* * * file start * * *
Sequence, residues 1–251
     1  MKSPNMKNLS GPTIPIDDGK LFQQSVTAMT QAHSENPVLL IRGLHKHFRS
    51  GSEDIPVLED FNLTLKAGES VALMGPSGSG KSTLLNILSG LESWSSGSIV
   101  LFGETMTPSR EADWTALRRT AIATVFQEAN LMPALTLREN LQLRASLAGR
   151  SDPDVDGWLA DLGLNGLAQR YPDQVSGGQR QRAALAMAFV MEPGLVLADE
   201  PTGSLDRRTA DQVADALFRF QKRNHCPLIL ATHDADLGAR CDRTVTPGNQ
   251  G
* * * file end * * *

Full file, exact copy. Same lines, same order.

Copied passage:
Sequence, residues 1–251
     1  MKSPNMKNLS GPTIPIDDGK LFQQSVTAMT QAHSENPVLL IRGLHKHFRS
    51  GSEDIPVLED FNLTLKAGES VALMGPSGSG KSTLLNILSG LESWSSGSIV
   101  LFGETMTPSR EADWTALRRT AIATVFQEAN LMPALTLREN LQLRASLAGR
   151  SDPDVDGWLA DLGLNGLAQR YPDQVSGGQR QRAALAMAFV MEPGLVLADE
   201  PTGSLDRRTA DQVADALFRF QKRNHCPLIL ATHDADLGAR CDRTVTPGNQ
   251  G